“Gish” Deluxe Edition (EMI); 3.5 stars (out of 4)
“Siamese Dream” Deluxe Edition (EMI): 4 stars (out of 4)
Smashing Pumpkins’ debut, “Gish,” wasn’t the cool, everybody-has-to-hear-it album of 1991. It gave a passing glance to the emerging alternative-rock culture that worshiped Pacific Northwest “grunge,” but it was more in tune with unfashionable ‘70s influences.
The Chicago quartet looked mismatched from the start: Singer-guitarist Billy Corgan’s beads and frilly sleeves, drummer Jimmy Chamberlin’s muscle T-shirts and mullet, the porcelain iciness of bassist D’Arcy Wretzky, the shy inscrutability of guitarist James Iha. Their sound was a hodgepodge, too: metal roar, fey folkie drama, Gothic despair, arena bombast, progressive rock, psychedelia, a weird mix of hip and mainstream, the populist and the arcane.
“Gish” was a modest hit, but it was outsold and out-hyped later in the year by “Nevermind,” the second album from Seattle’s Nirvana. Kurt Cobain delivered the songs, pithier and punkier and more readily accessible than Corgan’s. But the Pumpkins’ sound had its own allure. And it laid the groundwork for the quartet’s big breakthrough two years later, “Siamese Dream,” one of the era’s cornerstones.
Now, both “Gish” and “Siamese Dream” are getting the deluxe reissue treatment, with tricked-out packages stuffed with outtakes, concert videos, liner notes and extra artwork. The remastered albums still sound potent – a testament to the rigorous attention to detail that Corgan and producer Butch Vig brought to the original sessions. And the bonus material testifies to Corgan’s evolution as a songwriter. He was prolific, driven and a little nuts – suicidal, to hear him tell it. He also was almost embarrassingly transparent; he poured his obsessions into those two albums, providing decades of fodder for audiophiles and psycho-analysts alike.
“Gish” remains among the more sensual hard-rock albums of the decade. In contrast to the testosterone pouring from contemporaries such as Soundgarden, Pearl Jam and Nine Inch Nails, Corgan had the yin and the yang in his limited voice, toggling between pinched howl and fragile, child-like breathiness. His voice rides the curve of the guitars, the arrangements swerving rather than stomping in typical hard-rock fashion, yielding surprises with each turn. For all its sensitivity to flow, the group could crush your skull when you least expected it, going from near-silence to a thunderclap. The ebb-and-surge dynamics in a track such as “Siva” still impress, as if Corgan were trying to compress a side-long suite by his beloved Rush into four minutes. “Tell me, tell me what you’re after/I just want to get there faster,” he sings.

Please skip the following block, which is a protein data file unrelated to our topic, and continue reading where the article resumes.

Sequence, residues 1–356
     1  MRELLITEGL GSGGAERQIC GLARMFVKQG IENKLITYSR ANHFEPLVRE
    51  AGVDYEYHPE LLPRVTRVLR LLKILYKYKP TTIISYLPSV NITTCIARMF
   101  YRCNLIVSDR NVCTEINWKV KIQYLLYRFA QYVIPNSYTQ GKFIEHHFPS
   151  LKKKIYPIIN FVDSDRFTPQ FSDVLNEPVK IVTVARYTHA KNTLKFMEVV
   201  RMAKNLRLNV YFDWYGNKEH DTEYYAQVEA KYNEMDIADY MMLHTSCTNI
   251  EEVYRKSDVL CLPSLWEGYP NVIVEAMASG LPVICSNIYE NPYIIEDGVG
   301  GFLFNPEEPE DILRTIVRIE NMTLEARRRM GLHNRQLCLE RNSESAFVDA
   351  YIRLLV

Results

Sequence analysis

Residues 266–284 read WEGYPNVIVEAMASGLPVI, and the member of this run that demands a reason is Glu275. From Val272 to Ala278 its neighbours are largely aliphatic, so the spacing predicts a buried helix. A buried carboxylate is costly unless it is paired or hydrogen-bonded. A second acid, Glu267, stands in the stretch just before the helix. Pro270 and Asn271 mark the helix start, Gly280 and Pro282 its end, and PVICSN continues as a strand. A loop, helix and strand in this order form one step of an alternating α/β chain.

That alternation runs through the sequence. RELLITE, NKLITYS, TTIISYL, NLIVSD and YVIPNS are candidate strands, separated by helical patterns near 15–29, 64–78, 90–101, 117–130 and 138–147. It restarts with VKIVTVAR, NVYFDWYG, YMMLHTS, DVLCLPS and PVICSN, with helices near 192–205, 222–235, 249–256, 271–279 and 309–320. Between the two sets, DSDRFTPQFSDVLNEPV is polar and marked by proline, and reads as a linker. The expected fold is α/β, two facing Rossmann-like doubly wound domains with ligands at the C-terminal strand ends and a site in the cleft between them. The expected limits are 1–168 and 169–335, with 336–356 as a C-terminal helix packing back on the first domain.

He’d get there fast enough with “Siamese Dream,” with its more focused, sturdily constructed songs and even more fastidious production. Corgan once again dominated the sessions, playing all the instruments save for Chamberlin’s monster drums. And yet Iha contributed heavily to two of the album’s best songs, “Mayonnaise” and “Soma” (a beautiful instrumental version is among the best of the bonus tracks).
The outtakes show the work in progress. A rehearsal demo of “Today” hums along like a perfectly agreeable hard-rock track that probably would’ve been played on emerging alternative-rock stations and then forgotten. But Corgan later came up with an intro guitar part that gave the song its chiming fragility, a sense that its beauty and optimism were just a cover-up. “Today is the greatest day I’ve ever known” becomes “Today is the greatest day I’ve never known.”
More than any moment, “Today” is the pivot point of the Pumpkins’ career, a breakthrough song for a band that had been all about sound. “Siamese Dream” was loaded with melodies, from “Luna” (both in its gossamer studio version and its even more haunting “apartment demo”) to the scorched overdrive of “Cherub Rock,” Corgan’s raised middle finger to the independent-rock scene that never embraced him. The feeling was mutual. Corgan wrote his share of clunky lyrics (“Life’s a bummer when you’re a hummer”) but they spoke with a directness that Cobain’s more poetically inclined words sometimes lacked. Corgan was a stoop-shouldered suburban misfit from a splintered household, much like many in his audience, and “Siamese Dream” became a soundtrack for a significant portion of his generation.
It did so by tempering some of the first album’s extremes; sticky melodies and pretty production can make almost anything radio-friendly, even a desperately sad song like “Today.” Live, there were no such restraints, as illustrated by a DVD from an August 1993 concert at Metro. Before plunging into the alternately pummeling and self-indulgent closer, “Silver …” , Corgan advises the audience: “After this, you won’t want to hear no more. We will be so bombastic, you’ll never want to hear music again.”
As the song crashes, Corgan screams, “Liar! Liar!” at the audience, then mocks the encore-hungry fans and himself by leading a half-hearted chant of Gary Glitter’s “Rock and Roll” before exiting.
That confrontational stance served Corgan’s music, if not his public image. Corgan didn’t want to be liked. He wanted to be heard.
firstname.lastname@example.orgCopyright © 2015, RedEye